Daily Archives: February 19, 2011

My parents’ book is better (2/8/2005)

February is the NMF’s “Have a Heart for Marfan” month (don’t ask me why everybody has to choose February as their awareness month; the fact that it’s heart disease month would lead me to put Marfan someplace else, anyway). . . .
So the NMF has added an online shopping cart system to their website. Previously, to order materials, you had to just print out the form or call.
In 1984, my parents wrote a book called How John Was Unique, a children’s story to help springboard families’ discussions of the hard facts of Marfan syndrome: the pros and the cons, etc. It was published by the NMF (US) as a coloring book, both to save money and to make it more interactive.
Well, somewhere along the line, the Canadian Marfan Foundation as put out a book called A Very Special Mouse.
Last week, among other items, I ordered a copy of the mouse book and “my book” (also 2 t-shirts and some informational materials to give to people).
They came on Saturday, and, without bias, I can say that my parents’ book is much better.
The mouse book basically says, “There once was a family of mice. One mouse was taller and slower than his brothers and sisters. He couldn’t see very well, either. One day he went to the doctor, and the doctor said he had something called Marfan syndrome. That’s why he was so tired all the time, so tall and he had to wear glasses. We’ll tell you more when you’re older.”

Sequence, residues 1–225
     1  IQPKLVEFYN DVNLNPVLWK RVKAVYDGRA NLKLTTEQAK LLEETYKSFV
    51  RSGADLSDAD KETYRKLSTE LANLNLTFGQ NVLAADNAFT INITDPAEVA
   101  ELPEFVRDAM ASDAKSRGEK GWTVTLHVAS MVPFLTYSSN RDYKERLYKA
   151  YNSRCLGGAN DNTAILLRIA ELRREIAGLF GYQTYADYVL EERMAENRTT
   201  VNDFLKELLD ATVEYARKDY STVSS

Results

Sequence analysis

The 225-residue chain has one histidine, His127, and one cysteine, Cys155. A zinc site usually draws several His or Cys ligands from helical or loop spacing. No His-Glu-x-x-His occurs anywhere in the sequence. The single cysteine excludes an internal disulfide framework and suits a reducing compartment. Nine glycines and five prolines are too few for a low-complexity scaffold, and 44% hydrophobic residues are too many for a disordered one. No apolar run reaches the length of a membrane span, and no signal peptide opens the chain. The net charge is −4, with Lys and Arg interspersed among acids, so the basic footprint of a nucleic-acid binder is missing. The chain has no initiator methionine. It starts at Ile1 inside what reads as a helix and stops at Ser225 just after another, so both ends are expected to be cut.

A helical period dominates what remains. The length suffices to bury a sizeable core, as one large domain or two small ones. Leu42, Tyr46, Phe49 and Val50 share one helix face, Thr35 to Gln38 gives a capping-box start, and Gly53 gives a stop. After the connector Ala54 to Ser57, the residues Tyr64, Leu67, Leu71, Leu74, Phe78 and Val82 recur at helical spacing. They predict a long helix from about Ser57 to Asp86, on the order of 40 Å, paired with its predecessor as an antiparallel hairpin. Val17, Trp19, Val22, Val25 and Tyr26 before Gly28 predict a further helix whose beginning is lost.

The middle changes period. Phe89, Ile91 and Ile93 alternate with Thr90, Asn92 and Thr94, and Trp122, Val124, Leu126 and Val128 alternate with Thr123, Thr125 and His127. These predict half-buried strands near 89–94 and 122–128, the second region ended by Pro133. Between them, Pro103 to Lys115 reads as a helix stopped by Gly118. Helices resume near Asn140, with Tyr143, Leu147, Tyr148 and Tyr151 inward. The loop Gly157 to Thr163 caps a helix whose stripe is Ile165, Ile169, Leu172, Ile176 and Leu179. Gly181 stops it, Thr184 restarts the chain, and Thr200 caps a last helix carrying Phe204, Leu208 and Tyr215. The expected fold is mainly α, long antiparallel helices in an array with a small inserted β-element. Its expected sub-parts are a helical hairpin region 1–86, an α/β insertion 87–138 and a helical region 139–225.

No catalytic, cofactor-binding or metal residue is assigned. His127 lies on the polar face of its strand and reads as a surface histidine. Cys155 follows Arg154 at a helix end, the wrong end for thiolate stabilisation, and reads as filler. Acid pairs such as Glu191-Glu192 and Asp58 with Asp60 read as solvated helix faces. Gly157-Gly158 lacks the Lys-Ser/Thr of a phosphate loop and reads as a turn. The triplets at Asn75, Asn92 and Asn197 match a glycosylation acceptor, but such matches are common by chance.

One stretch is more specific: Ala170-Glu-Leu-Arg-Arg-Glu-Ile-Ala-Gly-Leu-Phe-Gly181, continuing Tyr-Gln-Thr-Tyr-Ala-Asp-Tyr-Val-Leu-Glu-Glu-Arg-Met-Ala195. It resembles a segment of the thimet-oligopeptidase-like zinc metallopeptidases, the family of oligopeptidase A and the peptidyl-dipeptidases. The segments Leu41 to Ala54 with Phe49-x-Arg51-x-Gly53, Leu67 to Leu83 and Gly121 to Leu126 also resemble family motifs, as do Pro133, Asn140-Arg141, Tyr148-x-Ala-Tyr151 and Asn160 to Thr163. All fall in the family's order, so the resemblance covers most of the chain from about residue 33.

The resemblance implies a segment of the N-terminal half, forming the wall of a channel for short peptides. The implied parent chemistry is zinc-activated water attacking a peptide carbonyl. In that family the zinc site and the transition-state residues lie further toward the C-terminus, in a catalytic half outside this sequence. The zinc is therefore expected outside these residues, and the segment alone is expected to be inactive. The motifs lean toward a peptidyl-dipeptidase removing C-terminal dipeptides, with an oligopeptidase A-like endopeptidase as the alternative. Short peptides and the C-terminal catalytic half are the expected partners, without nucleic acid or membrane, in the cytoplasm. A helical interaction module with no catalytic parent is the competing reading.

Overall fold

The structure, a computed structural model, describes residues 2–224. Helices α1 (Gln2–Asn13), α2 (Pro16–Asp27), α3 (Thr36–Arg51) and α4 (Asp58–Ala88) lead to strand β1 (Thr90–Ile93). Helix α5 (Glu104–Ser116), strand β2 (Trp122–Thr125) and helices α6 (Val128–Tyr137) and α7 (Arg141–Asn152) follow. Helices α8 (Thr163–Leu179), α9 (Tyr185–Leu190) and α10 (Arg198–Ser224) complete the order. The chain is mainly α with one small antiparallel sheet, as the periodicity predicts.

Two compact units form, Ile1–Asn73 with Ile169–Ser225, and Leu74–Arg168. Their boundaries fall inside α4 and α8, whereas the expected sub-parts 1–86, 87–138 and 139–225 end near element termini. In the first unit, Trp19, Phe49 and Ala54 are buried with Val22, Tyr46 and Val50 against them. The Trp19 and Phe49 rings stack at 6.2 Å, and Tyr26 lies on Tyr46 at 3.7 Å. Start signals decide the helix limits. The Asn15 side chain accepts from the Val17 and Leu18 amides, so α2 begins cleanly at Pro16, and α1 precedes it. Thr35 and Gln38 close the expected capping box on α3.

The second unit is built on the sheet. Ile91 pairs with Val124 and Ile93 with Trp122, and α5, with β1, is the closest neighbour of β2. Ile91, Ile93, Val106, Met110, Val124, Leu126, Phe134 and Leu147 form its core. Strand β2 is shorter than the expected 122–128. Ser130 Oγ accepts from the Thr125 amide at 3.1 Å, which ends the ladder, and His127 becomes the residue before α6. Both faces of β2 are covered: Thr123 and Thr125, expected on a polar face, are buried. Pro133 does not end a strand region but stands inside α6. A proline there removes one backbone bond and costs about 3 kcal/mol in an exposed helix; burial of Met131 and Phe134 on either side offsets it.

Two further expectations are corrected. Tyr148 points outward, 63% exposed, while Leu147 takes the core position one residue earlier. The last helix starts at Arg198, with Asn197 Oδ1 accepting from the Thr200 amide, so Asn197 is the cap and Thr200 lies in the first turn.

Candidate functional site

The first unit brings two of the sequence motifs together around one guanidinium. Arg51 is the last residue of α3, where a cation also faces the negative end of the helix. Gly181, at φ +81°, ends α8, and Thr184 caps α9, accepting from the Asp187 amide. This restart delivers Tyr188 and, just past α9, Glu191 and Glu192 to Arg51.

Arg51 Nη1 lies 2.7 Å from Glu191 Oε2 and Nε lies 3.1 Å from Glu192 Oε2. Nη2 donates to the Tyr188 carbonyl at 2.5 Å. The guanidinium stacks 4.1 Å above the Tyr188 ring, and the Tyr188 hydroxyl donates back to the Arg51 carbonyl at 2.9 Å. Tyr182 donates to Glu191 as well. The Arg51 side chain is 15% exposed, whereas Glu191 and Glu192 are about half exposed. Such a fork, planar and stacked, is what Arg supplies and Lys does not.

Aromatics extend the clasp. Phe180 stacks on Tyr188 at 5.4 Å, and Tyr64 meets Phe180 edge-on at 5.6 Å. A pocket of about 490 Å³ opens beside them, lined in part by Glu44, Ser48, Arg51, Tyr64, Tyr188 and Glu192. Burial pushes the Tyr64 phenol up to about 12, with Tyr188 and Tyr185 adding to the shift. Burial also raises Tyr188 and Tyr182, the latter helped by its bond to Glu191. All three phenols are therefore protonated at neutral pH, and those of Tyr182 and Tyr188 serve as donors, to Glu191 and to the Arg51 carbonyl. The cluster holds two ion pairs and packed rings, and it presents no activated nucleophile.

It’s almost like they wanted an alternative to my parents’ book for those parents who like to stick their heads in the sand.

Why not talk to your kids honestly and openly. My parents tell the story of when I was something like 5 or 6 and I demanded total honesty about my health issues, because “It’s my life.”

So I sat down with my little hyperactive 3-year-old and tried to read her the book. She was about as impressed as possible, for a child of the computer and video camera era, that there was this little book written by Nana & Papa about daddy, and that the drawing of the boy in the book was daddy.
But when I got to the core parts, about the hospitals and tests and glasses and such, I was able to say, “Remember when you had this test done?”
And she said, “Yeah.”
And I said, “Well, this is about when I had it done when I was little.”
“Oh!” she said with a smile.

Now, if only I could get her to wear her glasses. . . . .

In the vein of “Only Nixon could go to China . . . “

OK, so it was a nice day, and I suggested we go to the park. Mary had scheduled an appointment with our PCP’s office that’s open on Saturdays, and we found the nearest park to that office.

It wasn’t very handicapped accessible, and, in spite of my best efforts, I ended up getting the wheelchair stuck in the sand. Then the kids needed to go potty. I called the police for help, and Mary drove the kids off to find a restroom. This African American gentleman was walking down the road wearing a football jersey with a rosary around his neck.

He kind of waved, and Mary pulled the van up, and he said he needed a ride to church. Mary said, “I don’t want to say no, but I need to get my kids to the restroom, and my husband’s wheelchair is stuck down there.”